For the week of Monday, March 1, 2021.
On March 7, 1902, Alexander Graham Bell placed an order for a hundred strong, slim frames “for the support of an aeroplane.” His fascination with flight led him to help found the Aerial Experiment Association (AEA), which made the first powered, controlled flight in Canadian history in 1909.
Since the 1890s, Alexander Graham Bell had been conducting kite-flying tests from his estate on Cape Breton Island, known as Beinn Bhreagh (“Beautiful Mountain”). At the invitation of Mabel Hubbard Bell, J. A. D. McCurdy, a family friend, and his engineering classmate Frederick “Casey” Baldwin visited Beinn Bhreagh in 1906 to assist in the experimentation. They were joined in 1907 by US Army Lieutenant Thomas Selfridge and fellow American engine manufacturer, Glenn Curtiss. In the autumn of 1907, these five men formed the AEA, financed by Mabel Bell.
The AEA learned about flight by experimenting with tetrahedral kites fixed with an engine. They then moved on to aircraft, constructing Red Wing—a biplane with an engine supplied by Curtiss. Baldwin became the first Canadian to pilot an airplane when, in March 1908, he flew Red Wing near Curtiss’ home in Hammondsport, New York. It was a short flight that ended in a crash landing. Baldwin survived, and the AEA improved on the design to build three more airplanes. The new airplanes were the first in North America to use ailerons—moveable surfaces at the wingtips that helped pilots keep the wings steady and level, and were necessary to make safe, controlled turns. They also had wheeled landing gear at a time when most airplanes in North America used skids. These advances made it possible for the AEA to make the first recorded public flight of one kilometer on July 4, 1908, in the airplane called June Bug.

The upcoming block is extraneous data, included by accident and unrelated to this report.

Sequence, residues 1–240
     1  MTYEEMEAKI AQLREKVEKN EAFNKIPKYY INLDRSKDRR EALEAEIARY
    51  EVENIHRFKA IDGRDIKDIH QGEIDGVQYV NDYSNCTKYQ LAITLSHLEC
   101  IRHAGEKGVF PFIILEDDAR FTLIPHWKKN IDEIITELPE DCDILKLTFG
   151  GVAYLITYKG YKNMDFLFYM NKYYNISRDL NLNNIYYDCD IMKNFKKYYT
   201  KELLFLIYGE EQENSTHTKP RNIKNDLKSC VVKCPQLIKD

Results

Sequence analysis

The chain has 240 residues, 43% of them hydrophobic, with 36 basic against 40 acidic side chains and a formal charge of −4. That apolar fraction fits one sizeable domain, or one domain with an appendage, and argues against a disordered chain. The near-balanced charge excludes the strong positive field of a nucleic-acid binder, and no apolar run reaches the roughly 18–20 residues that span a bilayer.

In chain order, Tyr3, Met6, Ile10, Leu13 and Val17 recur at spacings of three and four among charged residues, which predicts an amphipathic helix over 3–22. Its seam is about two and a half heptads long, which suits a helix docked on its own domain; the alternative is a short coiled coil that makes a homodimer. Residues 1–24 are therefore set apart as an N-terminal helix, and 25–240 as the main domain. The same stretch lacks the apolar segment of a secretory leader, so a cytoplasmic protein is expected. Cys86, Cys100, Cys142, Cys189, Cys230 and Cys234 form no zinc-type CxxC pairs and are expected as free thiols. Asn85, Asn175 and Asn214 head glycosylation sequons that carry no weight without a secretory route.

The AEA built and tested their final aircraft, Silver Dart, in Hammondsport before shipping it to Nova Scotia, where they towed it onto the frozen Bras d’Or Lake. On February 23, 1909, McCurdy took off and flew nearly a kilometre before landing, thus making the first powered, controlled flight of an aircraft in Canadian history. McCurdy went on to make more flights, some reaching 13 kilometers in length. The AEA disbanded in late March 1909, after having successfully built several airplanes.
The First Aeroplane Flying in Canada is a designated national historic event. The Historic Sites and Monuments Board of Canada (HSMBC) advises the Government of Canada on the commemoration of National Historic Events, which evoke significant moments, episodes, movements, or experiences in the history of Canada.
The National Program of Historical Commemoration relies on the participation of Canadians in the identification of places, events and persons of national historic significance. Any member of the public can nominate a topic for consideration by the Historic Sites and Monuments Board of Canada. Information on how to participate in this process is available here: https://www.pc.gc.ca/en/culture/clmhchsmbc/ncp-pcn